The Large Hadron Collider goes online
The Large Hadron Collider (LHC), located in the border area between Switzerland
and France, took nearly 20 years to complete and cost six billion Swiss francs
(3.76 billion Euros or 5.46 billion dollars) is one of the costliest and most
complex scientific experiments ever attempted. The machine uses over 1,600 superconducting
magnets, cooled by 96 tons of liquid helium, to accelerate beams of protons
in opposite directions in a circular tunnel with a circumference of 27 kilometres
(17 miles). The protons achieve about 99.999999% of the speed of light, then
smash into each other with a collision energy of 14 TeV (trillions of electron
At 13:06h Central European Summer Time the LHC achieved its first record-breaking
collisions: with both beams up and running at 3.5 TeV – several times
any previous collision energies achieved – the proton streams were carefully
moved to cross in the detector arrays. Physicists in the control room of CERN
broke into applause when the human race's first 7 TeV collisions appeared on
the monitors (above, below).
Scientists all over the world joined in the celebration. Typical were the Skype
messages we received from a friendly physicist Vera
Spillner: "It's working, first collisions! – I am SO excited!!
– I can see first results and they are UNKNOWN events!!!!! – I have
never seen such events before: two muons recorded, and not coming from a J/psi
decay!! This is historic! I am almost crying." Now you know what really
turns on pretty young girls today.
The above image, supplied by Taylor Childers, a colleague of Vera at LHC,
shows particle tracks in the inner detector of the ATLAS experiment, recorded
within the first running hour of the LHC beam at 7 TeV.
Large Hadron Collider – how it works
The micro black holes discussion
The problem discussed by a number of grandmasters was the following: experts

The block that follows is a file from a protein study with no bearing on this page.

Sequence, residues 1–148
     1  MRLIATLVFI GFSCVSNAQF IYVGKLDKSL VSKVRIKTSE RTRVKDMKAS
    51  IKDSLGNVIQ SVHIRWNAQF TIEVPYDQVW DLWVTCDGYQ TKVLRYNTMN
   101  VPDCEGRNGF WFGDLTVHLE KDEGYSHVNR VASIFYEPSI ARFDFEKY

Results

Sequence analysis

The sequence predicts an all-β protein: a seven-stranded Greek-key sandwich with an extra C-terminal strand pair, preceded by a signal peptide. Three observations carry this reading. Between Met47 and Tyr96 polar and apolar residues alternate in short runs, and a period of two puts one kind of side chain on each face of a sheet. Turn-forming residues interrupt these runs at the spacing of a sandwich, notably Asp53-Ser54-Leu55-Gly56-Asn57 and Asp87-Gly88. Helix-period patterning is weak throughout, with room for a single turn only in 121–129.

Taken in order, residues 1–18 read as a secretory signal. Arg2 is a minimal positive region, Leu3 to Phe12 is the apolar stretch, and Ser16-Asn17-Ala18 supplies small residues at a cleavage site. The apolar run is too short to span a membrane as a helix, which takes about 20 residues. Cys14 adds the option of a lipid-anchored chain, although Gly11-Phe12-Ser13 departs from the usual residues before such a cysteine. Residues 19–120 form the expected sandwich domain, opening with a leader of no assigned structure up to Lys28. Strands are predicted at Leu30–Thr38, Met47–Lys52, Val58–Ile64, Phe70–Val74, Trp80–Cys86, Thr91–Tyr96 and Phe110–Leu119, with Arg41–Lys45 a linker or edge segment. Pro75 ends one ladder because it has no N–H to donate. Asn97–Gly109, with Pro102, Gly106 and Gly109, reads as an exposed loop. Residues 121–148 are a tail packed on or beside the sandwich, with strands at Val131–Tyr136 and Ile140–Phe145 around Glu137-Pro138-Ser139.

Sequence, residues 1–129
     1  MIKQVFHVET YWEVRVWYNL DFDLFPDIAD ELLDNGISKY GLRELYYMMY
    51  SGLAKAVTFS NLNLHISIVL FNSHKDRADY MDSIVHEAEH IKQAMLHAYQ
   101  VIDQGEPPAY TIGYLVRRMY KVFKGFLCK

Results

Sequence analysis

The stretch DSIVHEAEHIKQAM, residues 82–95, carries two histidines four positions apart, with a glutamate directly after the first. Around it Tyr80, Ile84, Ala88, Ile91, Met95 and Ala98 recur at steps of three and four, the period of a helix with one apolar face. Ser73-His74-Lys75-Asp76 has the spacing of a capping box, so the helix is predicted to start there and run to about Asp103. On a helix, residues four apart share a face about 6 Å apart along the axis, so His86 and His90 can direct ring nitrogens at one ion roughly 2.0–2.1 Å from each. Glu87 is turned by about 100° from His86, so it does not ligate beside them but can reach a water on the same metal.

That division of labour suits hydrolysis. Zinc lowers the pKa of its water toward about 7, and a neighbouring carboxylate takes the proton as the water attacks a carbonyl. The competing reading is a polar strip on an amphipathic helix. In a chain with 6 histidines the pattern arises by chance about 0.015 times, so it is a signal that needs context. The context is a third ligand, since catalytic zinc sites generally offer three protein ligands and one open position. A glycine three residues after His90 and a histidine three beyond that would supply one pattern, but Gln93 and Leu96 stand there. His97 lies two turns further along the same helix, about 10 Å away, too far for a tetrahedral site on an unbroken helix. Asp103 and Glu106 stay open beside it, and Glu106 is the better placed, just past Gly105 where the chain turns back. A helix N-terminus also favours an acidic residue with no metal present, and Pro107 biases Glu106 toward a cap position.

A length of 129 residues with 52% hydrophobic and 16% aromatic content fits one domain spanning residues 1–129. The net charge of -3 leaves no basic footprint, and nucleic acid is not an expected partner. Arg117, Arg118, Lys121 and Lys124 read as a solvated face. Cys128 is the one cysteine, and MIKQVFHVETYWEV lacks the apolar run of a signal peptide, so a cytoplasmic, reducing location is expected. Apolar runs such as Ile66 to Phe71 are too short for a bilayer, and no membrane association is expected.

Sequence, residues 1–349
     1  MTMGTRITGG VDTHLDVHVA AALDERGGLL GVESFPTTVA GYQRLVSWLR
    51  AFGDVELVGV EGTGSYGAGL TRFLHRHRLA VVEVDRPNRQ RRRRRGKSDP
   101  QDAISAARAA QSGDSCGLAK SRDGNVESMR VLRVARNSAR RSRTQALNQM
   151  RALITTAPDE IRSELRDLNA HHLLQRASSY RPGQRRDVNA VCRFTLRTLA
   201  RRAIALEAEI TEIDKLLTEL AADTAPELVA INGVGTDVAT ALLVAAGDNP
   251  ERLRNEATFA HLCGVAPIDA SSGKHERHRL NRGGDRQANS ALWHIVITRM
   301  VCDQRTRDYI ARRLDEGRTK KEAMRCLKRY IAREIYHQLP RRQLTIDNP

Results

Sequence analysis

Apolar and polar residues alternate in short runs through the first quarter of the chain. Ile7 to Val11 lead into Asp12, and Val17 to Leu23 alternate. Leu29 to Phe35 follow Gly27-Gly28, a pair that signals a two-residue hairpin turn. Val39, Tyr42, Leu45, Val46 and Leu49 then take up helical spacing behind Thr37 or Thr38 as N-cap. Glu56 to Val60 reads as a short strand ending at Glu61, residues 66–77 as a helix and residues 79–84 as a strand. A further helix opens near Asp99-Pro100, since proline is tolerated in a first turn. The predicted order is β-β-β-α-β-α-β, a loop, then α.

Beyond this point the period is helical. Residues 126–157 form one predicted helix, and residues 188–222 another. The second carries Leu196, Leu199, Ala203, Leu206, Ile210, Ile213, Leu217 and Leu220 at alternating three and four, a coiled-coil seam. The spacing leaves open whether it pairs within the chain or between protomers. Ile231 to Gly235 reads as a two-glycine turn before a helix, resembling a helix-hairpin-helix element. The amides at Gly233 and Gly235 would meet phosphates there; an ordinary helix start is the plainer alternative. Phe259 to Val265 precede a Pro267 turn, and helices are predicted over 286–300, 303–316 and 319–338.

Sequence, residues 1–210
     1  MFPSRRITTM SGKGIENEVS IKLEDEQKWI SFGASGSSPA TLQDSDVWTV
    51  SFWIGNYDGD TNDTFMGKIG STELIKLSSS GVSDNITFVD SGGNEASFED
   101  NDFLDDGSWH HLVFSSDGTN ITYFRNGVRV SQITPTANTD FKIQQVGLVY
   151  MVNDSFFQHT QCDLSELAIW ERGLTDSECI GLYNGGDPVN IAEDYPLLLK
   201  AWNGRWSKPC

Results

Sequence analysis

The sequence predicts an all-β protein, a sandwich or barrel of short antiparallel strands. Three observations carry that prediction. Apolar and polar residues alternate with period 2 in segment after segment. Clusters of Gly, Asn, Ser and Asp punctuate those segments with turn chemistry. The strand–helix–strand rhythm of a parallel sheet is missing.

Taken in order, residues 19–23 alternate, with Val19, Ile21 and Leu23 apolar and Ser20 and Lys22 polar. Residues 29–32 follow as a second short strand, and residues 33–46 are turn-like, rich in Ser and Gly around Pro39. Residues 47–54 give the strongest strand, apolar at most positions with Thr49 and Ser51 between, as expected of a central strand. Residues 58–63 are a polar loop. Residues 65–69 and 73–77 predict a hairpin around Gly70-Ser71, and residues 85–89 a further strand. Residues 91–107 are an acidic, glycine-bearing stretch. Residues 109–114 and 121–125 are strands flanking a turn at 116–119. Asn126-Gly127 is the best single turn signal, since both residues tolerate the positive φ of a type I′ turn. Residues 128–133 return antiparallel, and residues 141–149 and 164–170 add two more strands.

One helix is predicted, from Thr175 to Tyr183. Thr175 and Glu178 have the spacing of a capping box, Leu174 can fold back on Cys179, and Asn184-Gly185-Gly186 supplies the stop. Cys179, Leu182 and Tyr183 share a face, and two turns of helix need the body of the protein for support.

have expressed concerns over the safety of the LHC, since the collider experiments
have the potential to create low velocity micro black holes that could grow
in mass, leading to doomsday scenarios, such as the destruction of the Earth.
There are many web sites dedicated to this possibility, and you can google them
with LHC + black holes. An extreme view on the subject is shown in the video
Vivid video footage of the doomsday scenario
Magnus Carlsen contemplating the future of the world after the LHC is switched
Participants in a round table discussion on potential dangers emanating
from the Hadron Collider: Marina and Boris Spassky, Armenian GMs Levon
Aronian and Gabriel Sargissian, Boris Radjabov, GM Teimour Radjabov.
Teimour Radjabov was quite concerned with the implications of the LHC experiment
Physicist Vera Spillner explaining collisions and black holes to Aruna and
...during a Champions' Dinner at the Mainz Chess Classic
Vera told Anand and his wife that there are very good arguments for the safety
of the LHC experiments. Micro black holes may indeed be generated, but if they
are they will be very hot and soon evaporate due to Hawking
radiation. "Very hot" in the language of physicists is 10^50 degrees
(ten with 50 zeros tagged on) and "soon" is one octillionth of a nanosecond.
In addition Vera sought to allay their fears by reminding them that hundreds
of micro black holes are produced every day by high energy cosmic particles
colliding with protons of our atmosphere. "If the man-made mini black holes
are the same as the cosmic-made ones, then what's the probability that the few
extra black holes produced in colliders will eat up everything, whereas the
trillions of holes produced since the formation of our planet didn't?"
Finally she reminded us that cosmic rays from the universe have been creating
micro black holes on the surface of white dwarf and neutron stars for billions
of years, and would be captured by the density of these bodies. The fact that
we still observe white dwarfs and neutron stars means that this did not happen,
the micro black holes evaporated. Everyone slept a little quieter that night.
Cuban GM Leinier Dominguez with his girlfriend Yisel Martinez
Our first conversation with this remarkable young lady ran as follows: "So
where are you from, Yisel?" – "Cuba. Actually from the same village as Leinier."
– "And what do you do? What is your profession?" – "I am an atomic physicist."
– "You are a WHAT?" – "You know: atom? Boom!" – "Yes, I know what an
atomic or nuclear physicist is. But are you really one?" – "Sure, why not?"
– "Okay, sorry to do this, but can you tell me what a Large Hadron Collider
is?" – "You mean the LHC? Well, I actually worked at CERN..." There followed
an intense exchange in which we told Yisel about our fears that the LHC might
be a deadly threat to humankind. "No, no, don't worry," she said. "On the one
hand it is highly unlikely – practically impossible – that dangerous black holes
will be produced, the kind that last longer than microseconds before they evaporate
due to Hawking radiation. And secondly they will probably never get